Creating natural dyes using cut floral waste


After graduating in Printed Textiles, I realized that, when using Photoshop to design textile prints, I soon missed using my hands when creating as it was not as satisfying to be sat at my computer. My graduate project was heavily digitally printed, which I thoroughly enjoyed at the time, until the excitement of using a program that ensures speedy results, soon ran its course and became quite repetitive.

I began using natural dyes when I started an advanced textile workshop with Zoe Burt. Since childhood, I have always been a lover of walking in nature, foraging for windfall, flowers and leaves and bringing a sense of connection to the world around me. To be able to use the dye stuffs that I have collected is a pure delight. The amazement of what can be achieved with natural pigments intrigued me to the point where I continued to self-teach myself in my shared studio, The Textiles Hub in Kingsgate workshops.

As a conscious consumer, I want my brand to be as sustainable as possible, so I started researching the cut flower industry. I wanted to focus my practice on using waste, and I contacted London florists to see if they would like to collaborate with me when discarding their floral waste. I now collect floral waste from The Floral Editor, in Battersea, who provides flowers for the floral displays at a luxury hotel in Mayfair weekly. I dry store the flowers and keep them for sampling, experiments or future workshops held at my artist’s studio.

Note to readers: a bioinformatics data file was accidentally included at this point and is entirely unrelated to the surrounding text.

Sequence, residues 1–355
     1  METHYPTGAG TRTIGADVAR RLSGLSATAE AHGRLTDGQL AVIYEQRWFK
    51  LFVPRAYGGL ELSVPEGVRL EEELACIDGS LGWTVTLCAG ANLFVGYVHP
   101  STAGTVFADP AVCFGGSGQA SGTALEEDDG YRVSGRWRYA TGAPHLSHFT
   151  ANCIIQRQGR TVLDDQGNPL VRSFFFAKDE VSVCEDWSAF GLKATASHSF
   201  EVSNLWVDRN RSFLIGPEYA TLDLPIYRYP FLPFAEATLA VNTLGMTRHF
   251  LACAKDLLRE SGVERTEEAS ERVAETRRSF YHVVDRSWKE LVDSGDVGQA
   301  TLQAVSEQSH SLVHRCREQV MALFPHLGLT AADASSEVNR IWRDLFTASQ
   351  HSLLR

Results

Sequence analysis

Onion skins, avocado pits and skins are other good sources of natural dye pigment that are considered food waste. I use a water saving technique called ‘bundle-dyeing’ or ‘eco-printing’ that creates beautiful imprints of leaves and petals on textiles, only using a little steam to release the pigment. I use special flowers from big events like weddings, using the bundle-dye technique to create luxurious gifts for the bride in form of a silk kimono, scarf or slip dress, all hand-made in the United Kingdom. This is a unique way to preserve your wedding flowers, creating a memento that will last a lifetime.

My most recent project is a very exciting collaboration with sustainable fashion brand Phoebe English, who commissioned me to over-dye deadstock fabrics with organic indigo from El Salvador. This is a great way to recycle fabrics, creating a refreshing new collection, in an extremely resourceful way.

Kingsgate Open Studios is full of wonderful designer/makers and will be open to the public for Open Studios 22nd-24th November click here for more info. I will be holding an organic indigo dye workshop, where we can create organic cotton shibori tee’s and tote bags. For my bundle-dye workshops I provide pre-mordanted Organic UK grown silk, focusing on a well sourced supply chain which is at the core of my brand values.

For more information about Kylie and her work, please visit